There is widespread policy concern with high rates of unintended teenage pregnancy in the UK, the highest in Western Europe. Social disadvantage and teenage pregnancy are strongly related. This review systematically examines research relating to policy initiatives aimed at tackling the social exclusion associated with unintended teenage pregnancy and young parenthood. Two separate reviews of evidence were conducted: a review of evidence relating to the prevention of unintended pregnancy; and a review of the research evidence relating to the support of teenage parents.
Who wants to know?
Policy-makers, practitioners, researchers, and young people.
What did we find?
- Studies of young people’s views about their experiences revealed three recurrent themes: dislike of school; poor material circumstances and unhappy childhoods; and low expectations for the future.
- Early childhood interventions and youth development programmes appear to be both effective and appropriate, perhaps because they promote healthy relationships and engagement with learning and ambition.
- A statistical meta-analysis revealed that these approaches reduced by 39% the number of young women reporting teenage pregnancy, and also had a positive effect on employment and economic status.
- Studies of young parents’ views about their experiences highlighted how diverse their needs and preferences are: they described struggles against negative stereotypes of teenage parenthood; heavy reliance on family support; the continuation of problems existing before parenthood; and the wider costs and benefits of education and employment.
- Educational and career development programmes appear to be both effective and appropriate, increasing by 213% the number of young parents returning to education or training in the short-term.
- Although positive short-term effects were evident for daycare and welfare sanction/bonuses programmes, none of these types of interventions showed any long-term effects.
- The most promising approach for reducing repeat pregnancy appears to be the provision of daycare.
What are the implications?
- Policy-makers should consider investing in early childhood interventions and youth development programmes as routes to lowering teenage pregnancy rates in the UK. Programmes should be tailored to the needs of young people. Implementation of wider measures to tackle social disadvantage and poverty among young people should continue.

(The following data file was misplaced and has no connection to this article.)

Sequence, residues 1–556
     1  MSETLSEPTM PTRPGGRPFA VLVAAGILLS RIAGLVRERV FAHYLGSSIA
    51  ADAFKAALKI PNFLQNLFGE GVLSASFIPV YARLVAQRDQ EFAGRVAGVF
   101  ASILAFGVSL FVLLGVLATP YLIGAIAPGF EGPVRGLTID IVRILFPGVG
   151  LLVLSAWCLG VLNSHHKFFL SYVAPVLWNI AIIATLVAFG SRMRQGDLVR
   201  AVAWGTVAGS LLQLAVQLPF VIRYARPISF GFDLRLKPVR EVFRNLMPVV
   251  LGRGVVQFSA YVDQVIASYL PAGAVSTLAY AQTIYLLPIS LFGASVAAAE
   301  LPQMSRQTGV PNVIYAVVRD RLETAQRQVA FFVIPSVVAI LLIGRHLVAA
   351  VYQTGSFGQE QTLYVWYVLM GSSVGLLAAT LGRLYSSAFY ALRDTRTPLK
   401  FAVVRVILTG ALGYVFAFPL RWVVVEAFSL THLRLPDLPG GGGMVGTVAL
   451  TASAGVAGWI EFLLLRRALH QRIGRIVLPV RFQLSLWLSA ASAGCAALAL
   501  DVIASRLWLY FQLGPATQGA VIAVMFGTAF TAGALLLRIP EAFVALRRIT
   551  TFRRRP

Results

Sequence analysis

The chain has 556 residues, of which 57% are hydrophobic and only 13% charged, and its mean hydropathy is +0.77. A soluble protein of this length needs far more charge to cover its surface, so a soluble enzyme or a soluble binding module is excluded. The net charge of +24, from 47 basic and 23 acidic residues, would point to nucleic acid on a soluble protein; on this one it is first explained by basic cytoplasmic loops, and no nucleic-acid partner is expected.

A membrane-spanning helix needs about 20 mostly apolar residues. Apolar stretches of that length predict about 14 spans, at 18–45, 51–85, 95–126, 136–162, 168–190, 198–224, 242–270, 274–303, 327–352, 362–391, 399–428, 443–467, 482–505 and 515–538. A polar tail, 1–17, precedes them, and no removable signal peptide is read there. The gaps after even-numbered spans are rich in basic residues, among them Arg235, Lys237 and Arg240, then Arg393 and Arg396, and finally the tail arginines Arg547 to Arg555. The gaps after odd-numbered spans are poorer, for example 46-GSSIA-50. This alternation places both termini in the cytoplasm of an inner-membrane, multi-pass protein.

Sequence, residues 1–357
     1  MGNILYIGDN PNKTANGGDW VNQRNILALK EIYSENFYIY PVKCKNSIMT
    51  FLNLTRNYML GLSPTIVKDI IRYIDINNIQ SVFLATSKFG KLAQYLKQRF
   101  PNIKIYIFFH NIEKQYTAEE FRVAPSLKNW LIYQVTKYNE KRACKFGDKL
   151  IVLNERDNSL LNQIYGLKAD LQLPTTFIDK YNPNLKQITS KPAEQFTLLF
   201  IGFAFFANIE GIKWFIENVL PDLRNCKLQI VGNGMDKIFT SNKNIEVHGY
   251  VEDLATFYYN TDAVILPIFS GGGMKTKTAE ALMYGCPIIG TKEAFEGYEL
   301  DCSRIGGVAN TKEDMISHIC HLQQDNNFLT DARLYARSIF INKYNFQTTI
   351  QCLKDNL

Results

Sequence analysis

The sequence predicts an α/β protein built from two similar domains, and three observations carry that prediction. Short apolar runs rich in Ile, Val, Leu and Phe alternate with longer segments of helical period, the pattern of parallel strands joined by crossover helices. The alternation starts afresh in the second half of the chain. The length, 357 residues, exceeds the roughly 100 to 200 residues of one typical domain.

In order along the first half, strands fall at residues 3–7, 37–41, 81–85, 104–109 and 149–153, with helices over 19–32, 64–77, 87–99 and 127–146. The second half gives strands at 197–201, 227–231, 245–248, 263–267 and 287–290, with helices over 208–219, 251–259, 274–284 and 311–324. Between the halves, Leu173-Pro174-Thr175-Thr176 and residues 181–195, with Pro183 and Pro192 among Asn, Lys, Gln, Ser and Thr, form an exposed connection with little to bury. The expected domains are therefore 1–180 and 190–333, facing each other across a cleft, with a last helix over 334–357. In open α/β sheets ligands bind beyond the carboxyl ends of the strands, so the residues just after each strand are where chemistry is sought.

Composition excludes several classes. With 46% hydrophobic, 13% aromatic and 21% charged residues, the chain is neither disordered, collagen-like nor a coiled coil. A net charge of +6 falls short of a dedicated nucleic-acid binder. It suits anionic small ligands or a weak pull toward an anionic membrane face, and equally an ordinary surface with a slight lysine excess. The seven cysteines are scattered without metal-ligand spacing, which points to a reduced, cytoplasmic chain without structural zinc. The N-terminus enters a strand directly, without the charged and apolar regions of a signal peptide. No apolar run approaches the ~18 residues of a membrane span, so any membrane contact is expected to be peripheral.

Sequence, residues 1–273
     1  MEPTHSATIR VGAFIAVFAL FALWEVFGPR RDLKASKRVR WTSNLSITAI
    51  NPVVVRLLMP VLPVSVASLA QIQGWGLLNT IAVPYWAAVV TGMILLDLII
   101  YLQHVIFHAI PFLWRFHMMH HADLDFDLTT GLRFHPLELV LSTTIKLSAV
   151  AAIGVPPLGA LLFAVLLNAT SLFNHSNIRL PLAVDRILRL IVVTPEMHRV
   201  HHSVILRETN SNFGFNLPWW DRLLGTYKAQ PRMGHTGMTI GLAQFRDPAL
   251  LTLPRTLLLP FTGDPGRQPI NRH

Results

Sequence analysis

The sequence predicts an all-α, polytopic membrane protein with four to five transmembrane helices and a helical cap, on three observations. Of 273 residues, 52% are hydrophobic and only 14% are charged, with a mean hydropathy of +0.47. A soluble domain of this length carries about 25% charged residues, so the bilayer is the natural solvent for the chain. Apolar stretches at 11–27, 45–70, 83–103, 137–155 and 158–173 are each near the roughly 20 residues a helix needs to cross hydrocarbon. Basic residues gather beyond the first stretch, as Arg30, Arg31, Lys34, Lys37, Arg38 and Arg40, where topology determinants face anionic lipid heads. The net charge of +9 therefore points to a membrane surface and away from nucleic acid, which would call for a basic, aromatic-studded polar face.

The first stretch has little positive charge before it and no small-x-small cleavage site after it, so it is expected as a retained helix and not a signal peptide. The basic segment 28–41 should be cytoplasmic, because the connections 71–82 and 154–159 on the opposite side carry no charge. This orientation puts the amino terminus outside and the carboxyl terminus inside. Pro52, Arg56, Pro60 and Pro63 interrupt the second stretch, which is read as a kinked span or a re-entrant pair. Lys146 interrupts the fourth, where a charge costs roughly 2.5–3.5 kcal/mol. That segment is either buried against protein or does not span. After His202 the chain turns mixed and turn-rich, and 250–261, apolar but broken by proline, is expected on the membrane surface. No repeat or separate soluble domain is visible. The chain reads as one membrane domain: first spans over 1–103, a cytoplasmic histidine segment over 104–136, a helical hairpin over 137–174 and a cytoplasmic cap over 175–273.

- Policy-makers should favour education and career development programmes that provide support for childcare to encourage young parents back into education, training and employment.
- Further research is required to explore the perspectives and experiences of young men and young fathers and to evaluate the effectiveness of interventions developed for them.
- The conclusions of this review need to be set against the findings of sex education research. Although sex education is an important part of young people's preparation for adulthood, the evidence is that it is not, on its own, an effective strategy for encouraging teenagers to postpone parenthood.
- Significant research gaps have been highlighted, particularly the lack of evidence from the UK relating to the value of socio-structural interventions, and the neglect of the messages arising from qualitative research with young people themselves.
How did we get these results?
For the teenage pregnancy reviews, the results of ten evaluations of interventions and five studies of young people's views were synthesised. Five of these outcome evaluations were included in two meta-analyses.
For the parenting support review, the results of eighteen evaluations of interventions and twenty studies of young people's views were synthesised. Nine of these outcome evaluations were included in four meta-analyses.
This report should be cited as: Harden A, Brunton G, Fletcher A, Oakley A, Burchett H, Backhans M (2006) Young people, pregnancy and social exclusion: a systematic synthesis of research evidence to identify effective, appropriate and promising approaches for prevention and support. London: EPPI Centre, Social Science Research Unit, Institute of Education, University of London.